Disruptive law firm Keystone today announced plans for a £50m float to boost its brand and enhance growth prospects.
Founded in 2002, Keystone was one of the first so-called "platform" firms. The company sits as an umbrella, allowing smaller firms to operate out of their own offices but under Keystone's brand.
Lawyers do not receive a fixed fee from Keystone, instead, the firm passes down between 60 and 75 per cent of fees charged to individual lawyers.
Keystone will be admitted to the Alternative Investment Market (Aim) on 27 November, with the IPO raising £15m. The Chancery Lane-headquartered firm had previously eyed £10m of funds but upped its target after original plans were oversubscribed.
The majority of the funds will be used to pay down £9m of debt, with existing shareholders in line for a £5m payout.
Chief executive James Knight said the float would "provide us with the most resilient and stable platform to support our ambitious growth plans long into the future".
The UK legal services market is the second largest in the world and I believe the Keystone model is well placed to take advantage of this significant opportunity. I look forward to continuing with our strategy of quality-centric growth, providing a superb standard of legal service to our many clients and delivering value for our shareholders.
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"Ripe for disruption"
Keystone said the £8.8bn mid-market law sector was "is ripe for disruption" with dissatisfied lawyers keen to shun ongoing fee pressure. The firm works across 23 service areas and over 50 industry sectors.
Over the last three financial years, the firm has generated revenue growth of over 20 per cent per annum. Most recently revenues totalled £25.6m generating earnings of £2.1m. The board said it intends to adopt a "progressive dividend policy" that reflects the expectation of future cash flow generation.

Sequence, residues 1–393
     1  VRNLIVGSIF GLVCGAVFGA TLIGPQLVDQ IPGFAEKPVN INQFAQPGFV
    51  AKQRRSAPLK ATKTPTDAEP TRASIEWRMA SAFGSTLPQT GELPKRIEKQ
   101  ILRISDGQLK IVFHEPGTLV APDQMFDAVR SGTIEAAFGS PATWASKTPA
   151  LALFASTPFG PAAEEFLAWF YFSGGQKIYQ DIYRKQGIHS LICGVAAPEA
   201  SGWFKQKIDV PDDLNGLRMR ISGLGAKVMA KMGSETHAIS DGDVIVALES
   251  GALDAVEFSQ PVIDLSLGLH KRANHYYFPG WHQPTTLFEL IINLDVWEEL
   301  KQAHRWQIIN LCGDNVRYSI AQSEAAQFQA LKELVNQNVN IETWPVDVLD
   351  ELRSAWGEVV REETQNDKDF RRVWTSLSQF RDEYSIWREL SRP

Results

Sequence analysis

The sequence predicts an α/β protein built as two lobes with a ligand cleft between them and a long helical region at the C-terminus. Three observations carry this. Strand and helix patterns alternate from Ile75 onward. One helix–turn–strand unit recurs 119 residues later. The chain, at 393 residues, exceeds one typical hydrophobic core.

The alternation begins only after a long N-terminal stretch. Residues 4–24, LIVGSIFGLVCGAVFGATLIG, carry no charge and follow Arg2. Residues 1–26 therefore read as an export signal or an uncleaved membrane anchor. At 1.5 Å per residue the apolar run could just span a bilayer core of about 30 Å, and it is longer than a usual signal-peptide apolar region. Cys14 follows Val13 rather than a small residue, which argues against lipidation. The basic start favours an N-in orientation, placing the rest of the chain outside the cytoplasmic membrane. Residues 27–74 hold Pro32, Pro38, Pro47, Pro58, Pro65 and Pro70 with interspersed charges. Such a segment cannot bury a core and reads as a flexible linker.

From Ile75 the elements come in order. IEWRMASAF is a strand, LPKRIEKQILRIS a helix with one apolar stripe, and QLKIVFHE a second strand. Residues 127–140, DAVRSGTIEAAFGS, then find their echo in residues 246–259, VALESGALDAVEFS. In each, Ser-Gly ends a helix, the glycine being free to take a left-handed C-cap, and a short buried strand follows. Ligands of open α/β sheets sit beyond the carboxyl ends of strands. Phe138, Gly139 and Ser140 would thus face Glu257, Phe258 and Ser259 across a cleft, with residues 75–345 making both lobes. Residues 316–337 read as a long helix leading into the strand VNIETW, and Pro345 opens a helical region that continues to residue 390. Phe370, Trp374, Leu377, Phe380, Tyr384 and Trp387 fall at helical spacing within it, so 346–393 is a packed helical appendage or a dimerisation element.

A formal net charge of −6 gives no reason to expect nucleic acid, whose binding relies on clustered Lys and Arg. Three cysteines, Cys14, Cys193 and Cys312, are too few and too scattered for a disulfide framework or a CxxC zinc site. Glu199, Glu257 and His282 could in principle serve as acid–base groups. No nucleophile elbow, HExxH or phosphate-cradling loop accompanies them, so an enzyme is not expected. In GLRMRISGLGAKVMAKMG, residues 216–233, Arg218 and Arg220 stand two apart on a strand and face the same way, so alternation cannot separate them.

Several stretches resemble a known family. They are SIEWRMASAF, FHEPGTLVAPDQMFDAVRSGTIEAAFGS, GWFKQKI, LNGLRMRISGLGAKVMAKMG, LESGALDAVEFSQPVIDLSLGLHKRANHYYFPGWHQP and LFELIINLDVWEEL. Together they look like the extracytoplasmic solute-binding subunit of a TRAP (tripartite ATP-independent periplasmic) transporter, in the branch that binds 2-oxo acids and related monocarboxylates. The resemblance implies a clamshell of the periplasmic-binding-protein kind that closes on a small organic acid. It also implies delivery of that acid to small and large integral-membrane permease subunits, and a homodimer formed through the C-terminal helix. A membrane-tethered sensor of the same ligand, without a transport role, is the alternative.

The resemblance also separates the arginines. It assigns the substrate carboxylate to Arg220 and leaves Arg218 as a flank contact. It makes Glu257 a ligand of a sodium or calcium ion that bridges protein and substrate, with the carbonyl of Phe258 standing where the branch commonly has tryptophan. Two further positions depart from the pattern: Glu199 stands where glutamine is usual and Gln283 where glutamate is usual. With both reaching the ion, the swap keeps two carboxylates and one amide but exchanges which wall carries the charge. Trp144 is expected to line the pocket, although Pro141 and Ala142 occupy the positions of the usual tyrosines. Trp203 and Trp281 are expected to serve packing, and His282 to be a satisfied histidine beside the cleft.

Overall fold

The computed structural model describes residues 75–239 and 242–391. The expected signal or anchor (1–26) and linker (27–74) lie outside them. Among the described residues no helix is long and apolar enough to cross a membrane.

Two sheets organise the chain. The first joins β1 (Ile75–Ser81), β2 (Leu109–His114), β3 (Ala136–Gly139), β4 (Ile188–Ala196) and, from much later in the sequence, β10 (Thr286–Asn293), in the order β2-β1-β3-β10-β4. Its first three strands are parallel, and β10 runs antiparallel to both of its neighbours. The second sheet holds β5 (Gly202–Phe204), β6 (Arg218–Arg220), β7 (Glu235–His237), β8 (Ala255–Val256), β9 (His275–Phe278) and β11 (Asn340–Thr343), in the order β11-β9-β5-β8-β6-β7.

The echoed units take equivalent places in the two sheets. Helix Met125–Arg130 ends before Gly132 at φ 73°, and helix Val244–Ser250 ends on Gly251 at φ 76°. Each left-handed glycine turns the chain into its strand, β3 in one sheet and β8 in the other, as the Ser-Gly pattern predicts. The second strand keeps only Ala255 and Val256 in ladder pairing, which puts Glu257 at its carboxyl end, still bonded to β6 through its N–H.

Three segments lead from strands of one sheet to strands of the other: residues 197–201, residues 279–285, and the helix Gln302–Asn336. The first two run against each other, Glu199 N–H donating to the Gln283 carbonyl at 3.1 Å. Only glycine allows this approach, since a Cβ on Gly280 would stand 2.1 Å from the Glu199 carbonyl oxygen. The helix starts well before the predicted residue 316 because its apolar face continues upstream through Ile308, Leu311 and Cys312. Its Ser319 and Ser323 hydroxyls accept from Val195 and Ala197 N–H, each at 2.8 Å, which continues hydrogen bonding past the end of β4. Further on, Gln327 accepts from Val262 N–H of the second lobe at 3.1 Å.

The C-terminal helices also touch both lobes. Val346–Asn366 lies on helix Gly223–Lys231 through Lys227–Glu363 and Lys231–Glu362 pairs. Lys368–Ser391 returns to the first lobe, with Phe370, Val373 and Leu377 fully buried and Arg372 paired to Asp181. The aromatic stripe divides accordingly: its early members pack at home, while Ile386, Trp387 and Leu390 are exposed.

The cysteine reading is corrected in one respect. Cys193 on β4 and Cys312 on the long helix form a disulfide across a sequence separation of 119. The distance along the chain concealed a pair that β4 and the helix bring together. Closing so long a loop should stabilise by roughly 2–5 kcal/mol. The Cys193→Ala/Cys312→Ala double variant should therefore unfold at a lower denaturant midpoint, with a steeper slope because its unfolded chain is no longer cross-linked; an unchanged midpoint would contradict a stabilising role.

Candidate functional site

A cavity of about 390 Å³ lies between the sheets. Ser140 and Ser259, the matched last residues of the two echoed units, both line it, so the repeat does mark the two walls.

Keystone umbrella covers 250 lawyers, with 40 support staff. It converted to an alternative business structure four years ago, supported by a £3.2m cash injection for private equity firm Root Capital.
The 2007 Legal Services Act allows external investment in law firms. Birmingham-based lawyer Gateley was the first to break ranks and float on the stock exchange in 2015. London-based Gordon Dadds listed in August.
Behind the deal – with Panmure Gordon's Andrew Potts
Panmure Gordon were investment bankers, supported by law firm Field Fisher. Squires provided legal support to the company, while RSM acted as reporting accountants.
How long did the deal take?
The idea of a float was first considered around nine months ago. But the formal process, which identified the November date, did not start until late summer.
Where did negotiations take place?
Generally at Keystone's London offices. But the Potts said the strange thing was there were lots and lots of lawyers. This was to be expected given the company in question, he added.
Was it stressful, were there any late nights?
Potts said there are always late nights in this kind of work. A big stress was earlier in the summer when Sunderland – Potts' football team – was relegated from the Premier League. He managed to work off plenty of the stress by preparing for a 10km swimming marathon at the London Aquatics Centre.